__"God saw all that he had made and, behold, it was very good" (Genesis 1:31).
__But things are not looking so hot these days. What happened? Why is everything so bent and broken? Why, God? Why am I so bent, so broken? And others, too?"
With those words, David Naugle opens an excellent article in COMMENT in a series on Creation-Fall-Redemption. Naugle, of course, is dealing with “The Fall.”
The Fall, understood biblically, explains why things are not the way that (we feel instinctively) things should be. When bad things happen, we wonder, “Why?” And the Bible’s answer is “The Fall.”
“This is the second ‘act’ in the overall narrative of the Scriptures, the next major theme in a biblical view of life and the world. First, there is the good news of creation, but now we have the bad news of the fall. It introduces fundamental conflict into the biblical drama, which must be resolved before God's story ends. It shows, contrary to other worldviews, that evil is not rooted in creation itself, but in the moral rebellion of the human race against the divine authority of the holy God. I sometimes call this episode the ‘uncreation’ because of the damage it did to God's very good world: how it twisted his intentions for humanity, for our knowing and loving and culture-making, and for all the earth.”
The Fall “makes so much else understandable—in particular, our persistent brokenness and the world's deep pain.”
The cause of the Fall, according to Genesis 3, are
- The human temptation to believe the serpent/Satan’s aspersions on God's character, suggesting subtly that God is stingy with his provisions.
- The human temptation to rebel against God’s sovereignty in order to be “gods” ourselves, that is, autonomous beings, doing our own thing, living in freedom as we please.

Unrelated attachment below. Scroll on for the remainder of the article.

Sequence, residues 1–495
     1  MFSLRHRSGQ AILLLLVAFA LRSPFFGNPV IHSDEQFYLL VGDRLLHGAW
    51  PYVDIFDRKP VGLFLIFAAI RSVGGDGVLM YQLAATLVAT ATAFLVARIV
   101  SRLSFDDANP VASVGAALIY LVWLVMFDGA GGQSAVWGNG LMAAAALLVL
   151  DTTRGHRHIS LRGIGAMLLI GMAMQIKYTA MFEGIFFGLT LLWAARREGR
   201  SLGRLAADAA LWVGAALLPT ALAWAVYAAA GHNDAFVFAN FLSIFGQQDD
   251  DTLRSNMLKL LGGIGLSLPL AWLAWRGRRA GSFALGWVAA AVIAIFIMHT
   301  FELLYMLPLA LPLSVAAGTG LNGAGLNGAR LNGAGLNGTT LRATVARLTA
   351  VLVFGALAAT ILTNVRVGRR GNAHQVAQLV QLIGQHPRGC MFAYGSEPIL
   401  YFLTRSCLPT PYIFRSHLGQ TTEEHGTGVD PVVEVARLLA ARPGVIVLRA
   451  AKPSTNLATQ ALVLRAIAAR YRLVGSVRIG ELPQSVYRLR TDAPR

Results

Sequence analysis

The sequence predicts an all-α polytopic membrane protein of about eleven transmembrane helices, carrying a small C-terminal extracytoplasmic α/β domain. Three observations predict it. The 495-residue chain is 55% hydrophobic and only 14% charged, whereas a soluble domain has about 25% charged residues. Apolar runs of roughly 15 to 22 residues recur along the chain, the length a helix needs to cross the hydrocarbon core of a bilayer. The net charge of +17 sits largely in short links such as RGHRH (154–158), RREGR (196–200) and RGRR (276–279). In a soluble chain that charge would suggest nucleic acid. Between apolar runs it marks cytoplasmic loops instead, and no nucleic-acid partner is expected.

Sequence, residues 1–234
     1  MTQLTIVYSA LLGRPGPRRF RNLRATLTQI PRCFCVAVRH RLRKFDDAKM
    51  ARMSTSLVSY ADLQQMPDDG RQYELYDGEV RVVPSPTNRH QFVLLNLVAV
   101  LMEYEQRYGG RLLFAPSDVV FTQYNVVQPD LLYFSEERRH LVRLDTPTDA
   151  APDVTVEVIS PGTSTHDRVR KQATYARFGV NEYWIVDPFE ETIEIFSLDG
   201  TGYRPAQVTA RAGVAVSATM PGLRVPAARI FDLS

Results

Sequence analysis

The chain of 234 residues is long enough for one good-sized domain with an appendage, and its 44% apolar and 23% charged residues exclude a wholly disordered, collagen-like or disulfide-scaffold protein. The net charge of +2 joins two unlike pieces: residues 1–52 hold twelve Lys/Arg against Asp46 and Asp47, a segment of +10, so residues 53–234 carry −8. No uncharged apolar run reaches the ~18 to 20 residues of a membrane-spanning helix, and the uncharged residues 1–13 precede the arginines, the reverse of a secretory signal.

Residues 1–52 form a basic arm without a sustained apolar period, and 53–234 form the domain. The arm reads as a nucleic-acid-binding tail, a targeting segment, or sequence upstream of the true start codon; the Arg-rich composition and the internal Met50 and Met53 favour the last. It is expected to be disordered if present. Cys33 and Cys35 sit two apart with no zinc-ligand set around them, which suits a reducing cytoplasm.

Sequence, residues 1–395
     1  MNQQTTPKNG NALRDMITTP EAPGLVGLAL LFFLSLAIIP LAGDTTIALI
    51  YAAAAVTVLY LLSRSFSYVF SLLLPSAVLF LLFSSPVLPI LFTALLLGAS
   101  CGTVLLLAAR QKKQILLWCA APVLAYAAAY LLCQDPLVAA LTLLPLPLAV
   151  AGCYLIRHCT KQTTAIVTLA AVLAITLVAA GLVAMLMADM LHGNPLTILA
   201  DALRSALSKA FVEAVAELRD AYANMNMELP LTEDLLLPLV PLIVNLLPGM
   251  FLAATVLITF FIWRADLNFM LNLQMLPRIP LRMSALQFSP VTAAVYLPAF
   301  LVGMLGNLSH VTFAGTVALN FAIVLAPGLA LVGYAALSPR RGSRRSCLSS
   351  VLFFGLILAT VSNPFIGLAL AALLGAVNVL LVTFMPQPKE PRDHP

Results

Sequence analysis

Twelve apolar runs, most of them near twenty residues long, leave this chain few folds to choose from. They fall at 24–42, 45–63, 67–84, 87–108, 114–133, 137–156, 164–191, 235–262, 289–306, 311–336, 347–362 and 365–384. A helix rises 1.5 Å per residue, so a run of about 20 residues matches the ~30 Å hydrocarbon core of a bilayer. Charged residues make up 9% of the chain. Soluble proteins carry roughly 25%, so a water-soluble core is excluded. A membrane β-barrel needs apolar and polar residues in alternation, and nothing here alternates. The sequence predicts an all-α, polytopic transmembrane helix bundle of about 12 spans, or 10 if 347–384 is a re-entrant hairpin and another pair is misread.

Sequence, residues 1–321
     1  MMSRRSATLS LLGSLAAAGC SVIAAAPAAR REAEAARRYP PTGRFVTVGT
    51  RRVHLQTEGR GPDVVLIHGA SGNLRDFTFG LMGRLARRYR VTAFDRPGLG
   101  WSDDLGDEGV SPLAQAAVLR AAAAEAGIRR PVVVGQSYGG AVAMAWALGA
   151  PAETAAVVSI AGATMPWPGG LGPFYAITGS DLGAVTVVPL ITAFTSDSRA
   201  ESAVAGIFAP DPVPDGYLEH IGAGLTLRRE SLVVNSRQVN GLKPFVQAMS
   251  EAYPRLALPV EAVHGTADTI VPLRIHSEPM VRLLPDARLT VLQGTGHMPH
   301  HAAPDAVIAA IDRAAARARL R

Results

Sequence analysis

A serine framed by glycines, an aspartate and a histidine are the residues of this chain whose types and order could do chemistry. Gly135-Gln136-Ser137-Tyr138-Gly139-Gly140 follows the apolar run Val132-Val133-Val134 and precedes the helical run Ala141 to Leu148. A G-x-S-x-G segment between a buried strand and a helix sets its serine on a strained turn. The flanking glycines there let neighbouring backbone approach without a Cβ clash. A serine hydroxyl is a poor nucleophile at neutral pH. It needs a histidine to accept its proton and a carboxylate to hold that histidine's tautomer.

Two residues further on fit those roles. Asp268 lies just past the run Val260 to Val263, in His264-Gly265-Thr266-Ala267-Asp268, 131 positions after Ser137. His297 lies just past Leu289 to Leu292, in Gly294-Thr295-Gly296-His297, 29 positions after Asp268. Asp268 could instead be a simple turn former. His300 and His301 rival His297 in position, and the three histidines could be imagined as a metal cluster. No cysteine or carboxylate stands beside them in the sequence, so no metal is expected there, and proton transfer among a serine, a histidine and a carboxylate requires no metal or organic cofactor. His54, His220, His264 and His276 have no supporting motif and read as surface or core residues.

Naugle points out that the consequences of the Fall came in the form of four separations and three curses.
“First, human beings are separated from God (3:8-9)…”
“Second, human beings are separated from or within themselves (3:10)… Fear, shame and guilt have shattered the previous sense of wholeness and well-being. The line dividing good and evil will cut through the heart of every human being, as Solzhenitsyn has noted.”
“Third, human beings are separated from each other (3:11-13)…”
“At this point in the narrative, God announces a series of curses upon the serpent, whose humiliating "dust-eating" defeat is prophesied; upon the woman, who will struggle mightily as mother and wife; and upon the man, who must sweat profusely in order to have dominion over the earth. Then we die.”
“Once these three judgments are administered, a final separation is described at the end of Genesis 3. God drives the first human pair from the Garden, and stations an angelic battalion at its east entrance to prevent them from reentering it again (3:20- 24). We traded the bounty and blessing of Eden for the chaos and confusion of a broken world. Ever since, we have sought to get our happiness back by our own "utopian" efforts, whether individualistically or collectively.”
That is “the Fall.” The next chapter is “Redemption,” which will be my next post, reflecting on Jamie Smith’s thoughts on it.
Naugle gives a hint of what is to come:
“Only God and his kingdom can fill the longings of the heart. Life without God is vain and futile.”
Posts in this series on WORLDVIEW REVISITED:
Wonder, Heartbreak, Hope
For more on this Reformational Worldview, see my web resource,
Friend of Kuyper